This is a guest post by my friend and colleague Zachary Wright, a national finalist for the United States Department of Education’s School Ambassador Fellowship and 2013 Philadelphia Teacher of the Year. Now he is an assistant professor of practice at Relay Graduate School of Education serving Philadelphia and Camden. Prior to that, he was the 12th-grade world literature and AP literature teacher at Mastery Charter School Shoemaker Campus. This was first published at Education Post.
“Mr. Wright, are you racist?”
My West Philadelphia classroom, which had been filled with the sounds of shuffling papers, squeaking chairs, and the quintessential high-paced chatter of teenagers, got quiet. Students who had been in a hurry to get to their next period class suddenly found time to linger. Eyes found mine. Others looked at the brave soul who had asked such an important and necessary question. Other eyes looked down, eyes averted, but ears aquiver.
“Absolutely,” I said. “I’m a White man in America. What else could I be?”
I’ve told this story before and oftentimes people are not pleased with my answer, let alone the fact that I was asked such a question in the first place.
Some have even asked me whether I punished the student in some way, either with detention or a point deduction.
Of course not. That would be insane.
First off, children ask shocking questions all the time, it comes with the territory of being a teacher.
And secondly, this wasn’t a shocking question. It wasn’t shocking to the student of color who asked it while living in a nation defined by and founded upon principles of white supremacy, nor was it likely shocking to the classroom of students, all of whom students of color, who had spent nearly their entire school careers being taught by white people who may or may not have cared about them.
I’ve come to understand that the question is mostly shocking to white people and thanks to Robin DiAngelo and her absolutely necessary book, “White Fragility,” I think I’m beginning to understand why.
Among the many, many, many lessons to be found within her book, DiAngelo describes what she calls the good/bad binary that prevents White people from acknowledging their racism. Since the Civil Rights era, we have generally equated racism with being bad. Therefore, to be good, we cannot be racist(s).
DiAngelo explains that, from the White perspective, “To suggest that I am racist is to deliver a deep moral blow—a kind of character assassination. Having received this blow, I must defend my character and that is where all my energy will go—to deflecting the charge, rather than reflecting on my behavior.”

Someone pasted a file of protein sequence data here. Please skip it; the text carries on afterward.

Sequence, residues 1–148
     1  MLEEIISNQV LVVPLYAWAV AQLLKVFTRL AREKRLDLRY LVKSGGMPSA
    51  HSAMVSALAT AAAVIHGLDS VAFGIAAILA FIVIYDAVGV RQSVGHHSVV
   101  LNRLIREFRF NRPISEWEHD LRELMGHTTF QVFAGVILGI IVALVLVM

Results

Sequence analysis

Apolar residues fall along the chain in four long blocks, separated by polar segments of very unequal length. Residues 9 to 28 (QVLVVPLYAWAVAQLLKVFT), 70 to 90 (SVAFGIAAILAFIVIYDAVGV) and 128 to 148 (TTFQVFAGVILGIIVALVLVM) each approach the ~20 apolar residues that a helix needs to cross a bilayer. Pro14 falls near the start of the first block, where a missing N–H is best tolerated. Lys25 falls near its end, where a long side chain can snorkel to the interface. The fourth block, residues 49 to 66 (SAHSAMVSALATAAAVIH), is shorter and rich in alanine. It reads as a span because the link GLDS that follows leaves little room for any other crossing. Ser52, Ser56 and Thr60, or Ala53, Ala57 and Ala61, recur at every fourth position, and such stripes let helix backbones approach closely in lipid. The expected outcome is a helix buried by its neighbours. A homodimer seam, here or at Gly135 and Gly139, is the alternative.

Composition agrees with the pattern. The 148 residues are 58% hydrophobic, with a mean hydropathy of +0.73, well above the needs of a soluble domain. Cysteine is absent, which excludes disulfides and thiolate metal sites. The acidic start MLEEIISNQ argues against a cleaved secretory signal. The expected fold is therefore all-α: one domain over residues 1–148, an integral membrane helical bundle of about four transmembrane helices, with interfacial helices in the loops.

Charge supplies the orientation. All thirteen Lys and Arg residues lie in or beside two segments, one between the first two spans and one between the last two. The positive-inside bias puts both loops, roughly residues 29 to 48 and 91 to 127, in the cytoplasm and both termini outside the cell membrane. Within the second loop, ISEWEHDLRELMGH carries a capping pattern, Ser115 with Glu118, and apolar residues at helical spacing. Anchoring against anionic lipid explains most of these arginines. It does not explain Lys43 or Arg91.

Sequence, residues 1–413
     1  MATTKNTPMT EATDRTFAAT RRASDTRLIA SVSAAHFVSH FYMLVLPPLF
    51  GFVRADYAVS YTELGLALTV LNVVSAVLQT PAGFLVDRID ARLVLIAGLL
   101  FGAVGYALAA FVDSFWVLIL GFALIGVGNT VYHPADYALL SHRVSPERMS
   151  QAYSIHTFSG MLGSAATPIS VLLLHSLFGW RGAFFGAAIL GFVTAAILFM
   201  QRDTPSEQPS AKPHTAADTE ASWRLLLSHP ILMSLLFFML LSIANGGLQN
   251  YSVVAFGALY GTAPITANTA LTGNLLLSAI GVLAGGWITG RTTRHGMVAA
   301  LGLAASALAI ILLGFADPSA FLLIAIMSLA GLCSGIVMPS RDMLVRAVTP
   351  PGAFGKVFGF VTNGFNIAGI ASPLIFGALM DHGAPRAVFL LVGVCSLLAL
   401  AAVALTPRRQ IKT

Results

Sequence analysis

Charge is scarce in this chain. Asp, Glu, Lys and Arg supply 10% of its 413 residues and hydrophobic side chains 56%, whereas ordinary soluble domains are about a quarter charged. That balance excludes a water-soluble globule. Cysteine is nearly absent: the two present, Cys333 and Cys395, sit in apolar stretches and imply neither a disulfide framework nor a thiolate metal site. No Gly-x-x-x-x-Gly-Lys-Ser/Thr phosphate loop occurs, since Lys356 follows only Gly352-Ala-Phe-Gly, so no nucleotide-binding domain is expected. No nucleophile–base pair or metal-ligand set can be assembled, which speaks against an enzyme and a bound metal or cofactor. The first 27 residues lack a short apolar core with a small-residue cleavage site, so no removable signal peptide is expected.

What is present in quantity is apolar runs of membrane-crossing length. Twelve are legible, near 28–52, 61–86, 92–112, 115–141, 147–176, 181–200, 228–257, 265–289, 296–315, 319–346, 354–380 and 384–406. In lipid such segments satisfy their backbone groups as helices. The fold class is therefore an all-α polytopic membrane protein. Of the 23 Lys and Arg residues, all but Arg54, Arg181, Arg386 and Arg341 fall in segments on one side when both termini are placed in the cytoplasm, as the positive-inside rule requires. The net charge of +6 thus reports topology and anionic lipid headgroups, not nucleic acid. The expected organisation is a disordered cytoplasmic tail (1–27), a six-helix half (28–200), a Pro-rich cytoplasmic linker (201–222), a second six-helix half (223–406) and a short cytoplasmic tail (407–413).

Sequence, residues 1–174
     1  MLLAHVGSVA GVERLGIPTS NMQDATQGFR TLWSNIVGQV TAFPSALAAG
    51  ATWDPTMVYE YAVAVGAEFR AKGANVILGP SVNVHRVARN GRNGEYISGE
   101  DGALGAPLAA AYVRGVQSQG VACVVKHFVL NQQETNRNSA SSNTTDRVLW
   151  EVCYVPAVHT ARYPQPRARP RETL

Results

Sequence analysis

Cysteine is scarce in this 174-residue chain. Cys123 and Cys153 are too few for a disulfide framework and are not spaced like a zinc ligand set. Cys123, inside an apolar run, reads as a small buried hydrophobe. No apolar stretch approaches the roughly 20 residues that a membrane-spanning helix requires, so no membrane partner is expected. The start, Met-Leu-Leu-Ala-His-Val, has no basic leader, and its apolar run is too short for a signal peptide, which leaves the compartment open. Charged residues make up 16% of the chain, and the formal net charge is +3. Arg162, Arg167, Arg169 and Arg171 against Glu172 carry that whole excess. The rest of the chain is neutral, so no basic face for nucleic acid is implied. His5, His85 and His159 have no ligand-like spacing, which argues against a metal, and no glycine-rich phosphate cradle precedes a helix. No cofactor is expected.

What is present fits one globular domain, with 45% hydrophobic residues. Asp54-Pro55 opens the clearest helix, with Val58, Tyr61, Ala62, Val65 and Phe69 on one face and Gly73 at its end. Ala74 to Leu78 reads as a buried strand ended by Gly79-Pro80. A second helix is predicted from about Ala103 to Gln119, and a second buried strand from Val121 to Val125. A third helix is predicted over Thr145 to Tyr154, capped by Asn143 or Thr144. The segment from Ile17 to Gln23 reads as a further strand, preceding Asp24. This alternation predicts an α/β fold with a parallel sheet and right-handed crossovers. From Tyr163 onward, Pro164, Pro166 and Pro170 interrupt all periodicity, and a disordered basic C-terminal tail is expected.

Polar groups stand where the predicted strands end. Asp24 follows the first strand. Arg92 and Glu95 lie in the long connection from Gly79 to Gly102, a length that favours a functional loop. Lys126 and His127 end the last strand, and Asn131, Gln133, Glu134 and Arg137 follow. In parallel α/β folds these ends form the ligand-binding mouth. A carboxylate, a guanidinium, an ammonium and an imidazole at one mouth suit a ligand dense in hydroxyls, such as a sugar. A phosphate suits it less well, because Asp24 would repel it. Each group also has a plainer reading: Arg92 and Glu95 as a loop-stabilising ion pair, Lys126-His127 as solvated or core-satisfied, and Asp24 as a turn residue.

That feeling of being morally attacked is real, viscerally so.
I remember the silence of the classroom when my student asked whether or not I was racist.
I remember feeling my heart quicken, my face redden, and the beads of sweat appearing on my brow.
I remember the instinctual defense posture kick-in and felt the words form on my lips, the words that would preserve my precious self image as a good person, a White person on the right side of history, able to smugly look down my nose on “those” racist people with their confederate flags and Trump stickers.
And then I remembered to breathe. I looked at the classroom of children who deserved nothing less than the truth. I couldn’t lie and tell them I wasn’t racist just so that I could preserve my supposed racial innocence.
Nor could I allow any student of mine to live with the false presumption that I was not racist simply because I taught in a nearly all-Black school.
As DiAngelo so bitingly lays bare, “If, as a white person, I conceptualize racism as a binary and I place myself on the ‘not racist’ side, what further action is required of me? No action is required, because I am not a racist. Therefore, racism is not my problem; it doesn’t concern me and there is nothing further I need to do.”
Had I lied and assured my students that no, their teacher was not a racist White person, then I would have been placing my self-worth above their right to justice and truth, ensnaring us all in the lie that I somehow had no racial work to do.
The student’s question, therefore, raises a frightening, true, and necessary paradox.
Am I racist?
If I answer yes, then I am.
If I answer no, then I am, but am also too cowardly to face it.
There is a lesson here, for White people generally, and White teachers specifically.
The first step in fighting for justice, equity, and antiracism in our classrooms and our societies, is admitting that we are, simply through our upbringing within American society, racist. White Fragility reminds us that “stopping our racist patterns must be more important than working to convince others that we don’t have them. We do have them, and people of color already know we have them.”
That’s why the question wasn’t shocking.
Most of us in Room 103 already knew the answer.
What we didn’t know was whether or not I had the courage to admit it.